Ivanka Trump Said It Was "Inappropriate" To Ask If She Believes Her Father's Accusers

During an interview with NBC News, Trump answered questions in her capacity as a senior White House adviser. But when asked about the sexual misconduct allegations against the president, she switched to the role of daughter.

Asked whether she believes the women who have accused her father of sexual misconduct, Ivanka Trump said that she believes the question is "inappropriate" to ask a daughter about a father.

"I think it's an inappropriate question to ask a daughter, if she believes the accusers of her father, when he's affirmatively stated that there's no truth to it," she said in an interview with NBC News that aired Monday. "I don't think that's a question you would ask many other daughters."

Trump, speaking from Pyeongchang, repeated, "I believe my father. I know my father. So, I think I have that right, as a daughter, to believe my father."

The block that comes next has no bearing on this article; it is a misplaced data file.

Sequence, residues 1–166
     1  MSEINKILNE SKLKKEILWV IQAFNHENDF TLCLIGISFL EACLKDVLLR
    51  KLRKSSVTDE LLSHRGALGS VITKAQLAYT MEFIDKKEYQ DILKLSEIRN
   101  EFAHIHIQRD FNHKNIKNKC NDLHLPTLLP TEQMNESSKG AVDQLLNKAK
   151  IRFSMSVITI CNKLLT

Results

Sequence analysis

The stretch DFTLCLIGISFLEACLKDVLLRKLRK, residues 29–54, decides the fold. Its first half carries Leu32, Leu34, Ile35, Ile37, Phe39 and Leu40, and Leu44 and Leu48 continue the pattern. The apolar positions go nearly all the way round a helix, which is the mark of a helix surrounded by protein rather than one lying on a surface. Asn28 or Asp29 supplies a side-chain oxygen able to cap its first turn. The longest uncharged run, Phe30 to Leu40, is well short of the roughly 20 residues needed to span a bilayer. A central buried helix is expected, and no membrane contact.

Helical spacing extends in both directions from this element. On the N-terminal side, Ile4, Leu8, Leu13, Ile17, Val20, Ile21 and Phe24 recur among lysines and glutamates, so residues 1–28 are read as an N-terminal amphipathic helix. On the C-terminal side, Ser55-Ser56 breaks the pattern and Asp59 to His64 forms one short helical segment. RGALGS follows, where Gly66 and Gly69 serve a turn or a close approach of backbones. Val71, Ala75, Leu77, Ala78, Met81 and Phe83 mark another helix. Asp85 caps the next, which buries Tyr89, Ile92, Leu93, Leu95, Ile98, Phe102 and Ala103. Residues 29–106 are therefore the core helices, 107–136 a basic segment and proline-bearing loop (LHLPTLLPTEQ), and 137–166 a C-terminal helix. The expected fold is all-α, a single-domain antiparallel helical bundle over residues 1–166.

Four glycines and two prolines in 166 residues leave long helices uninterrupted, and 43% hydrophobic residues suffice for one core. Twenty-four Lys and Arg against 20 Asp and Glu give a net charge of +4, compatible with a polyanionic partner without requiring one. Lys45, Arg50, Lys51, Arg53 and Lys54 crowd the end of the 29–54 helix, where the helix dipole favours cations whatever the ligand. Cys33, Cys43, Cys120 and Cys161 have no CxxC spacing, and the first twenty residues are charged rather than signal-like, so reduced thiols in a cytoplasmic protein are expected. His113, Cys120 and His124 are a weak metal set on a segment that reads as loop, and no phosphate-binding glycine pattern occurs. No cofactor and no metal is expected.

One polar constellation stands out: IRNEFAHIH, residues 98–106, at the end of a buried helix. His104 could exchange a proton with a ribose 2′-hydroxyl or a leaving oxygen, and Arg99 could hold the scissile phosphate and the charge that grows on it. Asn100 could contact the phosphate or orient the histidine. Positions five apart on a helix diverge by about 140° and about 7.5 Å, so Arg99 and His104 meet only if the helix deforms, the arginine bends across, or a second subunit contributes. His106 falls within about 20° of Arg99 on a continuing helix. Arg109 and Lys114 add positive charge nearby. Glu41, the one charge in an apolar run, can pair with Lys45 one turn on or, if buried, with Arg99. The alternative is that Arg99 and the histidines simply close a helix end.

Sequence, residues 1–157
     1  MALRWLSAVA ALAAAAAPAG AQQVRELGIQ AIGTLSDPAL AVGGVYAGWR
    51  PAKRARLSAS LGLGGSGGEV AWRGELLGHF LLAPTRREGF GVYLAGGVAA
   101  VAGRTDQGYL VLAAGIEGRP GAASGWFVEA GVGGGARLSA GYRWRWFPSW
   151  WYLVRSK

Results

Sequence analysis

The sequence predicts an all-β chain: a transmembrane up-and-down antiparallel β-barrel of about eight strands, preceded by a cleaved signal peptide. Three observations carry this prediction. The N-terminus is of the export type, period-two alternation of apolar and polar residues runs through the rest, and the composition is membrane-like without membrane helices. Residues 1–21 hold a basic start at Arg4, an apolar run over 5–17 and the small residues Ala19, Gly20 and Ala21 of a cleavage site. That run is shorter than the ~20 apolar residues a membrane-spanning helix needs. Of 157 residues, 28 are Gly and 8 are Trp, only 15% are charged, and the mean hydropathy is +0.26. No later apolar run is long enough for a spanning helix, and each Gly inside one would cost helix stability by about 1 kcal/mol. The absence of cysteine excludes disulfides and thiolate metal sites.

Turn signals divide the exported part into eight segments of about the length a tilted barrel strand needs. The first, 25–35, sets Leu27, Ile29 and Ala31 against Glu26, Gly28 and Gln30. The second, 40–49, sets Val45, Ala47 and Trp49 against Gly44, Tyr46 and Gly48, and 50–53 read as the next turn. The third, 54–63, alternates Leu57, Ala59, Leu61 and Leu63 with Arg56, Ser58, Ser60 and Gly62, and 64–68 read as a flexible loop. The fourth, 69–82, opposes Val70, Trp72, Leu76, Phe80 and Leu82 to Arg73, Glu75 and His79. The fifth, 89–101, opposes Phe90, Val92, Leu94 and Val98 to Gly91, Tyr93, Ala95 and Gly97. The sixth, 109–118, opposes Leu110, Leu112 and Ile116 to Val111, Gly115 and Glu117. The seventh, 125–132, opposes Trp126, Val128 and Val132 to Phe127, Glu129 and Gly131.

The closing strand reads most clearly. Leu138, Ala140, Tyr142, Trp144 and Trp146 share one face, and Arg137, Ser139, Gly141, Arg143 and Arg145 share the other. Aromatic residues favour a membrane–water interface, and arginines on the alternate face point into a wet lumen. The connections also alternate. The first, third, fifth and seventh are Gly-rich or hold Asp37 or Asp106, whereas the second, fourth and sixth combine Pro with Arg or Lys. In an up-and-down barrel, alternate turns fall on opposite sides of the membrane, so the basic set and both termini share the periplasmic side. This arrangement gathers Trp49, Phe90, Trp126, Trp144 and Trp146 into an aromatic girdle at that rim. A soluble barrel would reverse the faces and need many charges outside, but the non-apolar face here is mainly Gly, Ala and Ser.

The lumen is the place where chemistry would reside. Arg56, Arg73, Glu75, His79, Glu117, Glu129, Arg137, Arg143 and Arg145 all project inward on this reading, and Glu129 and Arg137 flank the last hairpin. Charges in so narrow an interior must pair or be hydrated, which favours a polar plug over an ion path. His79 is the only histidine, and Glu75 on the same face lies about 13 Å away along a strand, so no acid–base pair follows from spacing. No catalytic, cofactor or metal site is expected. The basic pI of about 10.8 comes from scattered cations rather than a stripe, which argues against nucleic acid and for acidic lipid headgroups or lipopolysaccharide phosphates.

At least 16 women have alleged the president sexually harassed them, with some calling for an investigation into his behavior comparable to the investigations launched after some members of Congress were accused of sexual misconduct and abuse.

Trump has repeatedly defended her father in the past, saying she believes his denials. She has also said her priorities working in the White House include advocating for women, such as by working to improve paid parental leave policy.

Earlier in the interview, Trump had answered questions in her capacity as a senior White House adviser, rather than as a daughter — on her role during the Olympics, for example, working with South Korea to put pressure on North Korea.

Trump also stated that "there was no collusion" with Russia during her father's 2016 campaign and that the administration "believes that Mueller will do his work" as special counsel for the investigation into foreign interference. She said that she has not been interviewed by Mueller.

Trump concluded the interview in an official capacity as well, weighing in on education and job creation.

"We need to ensure that the skills being taught in our classrooms and the skills being taught to the American workers align with the jobs that are in demand in the modern economy," she said.

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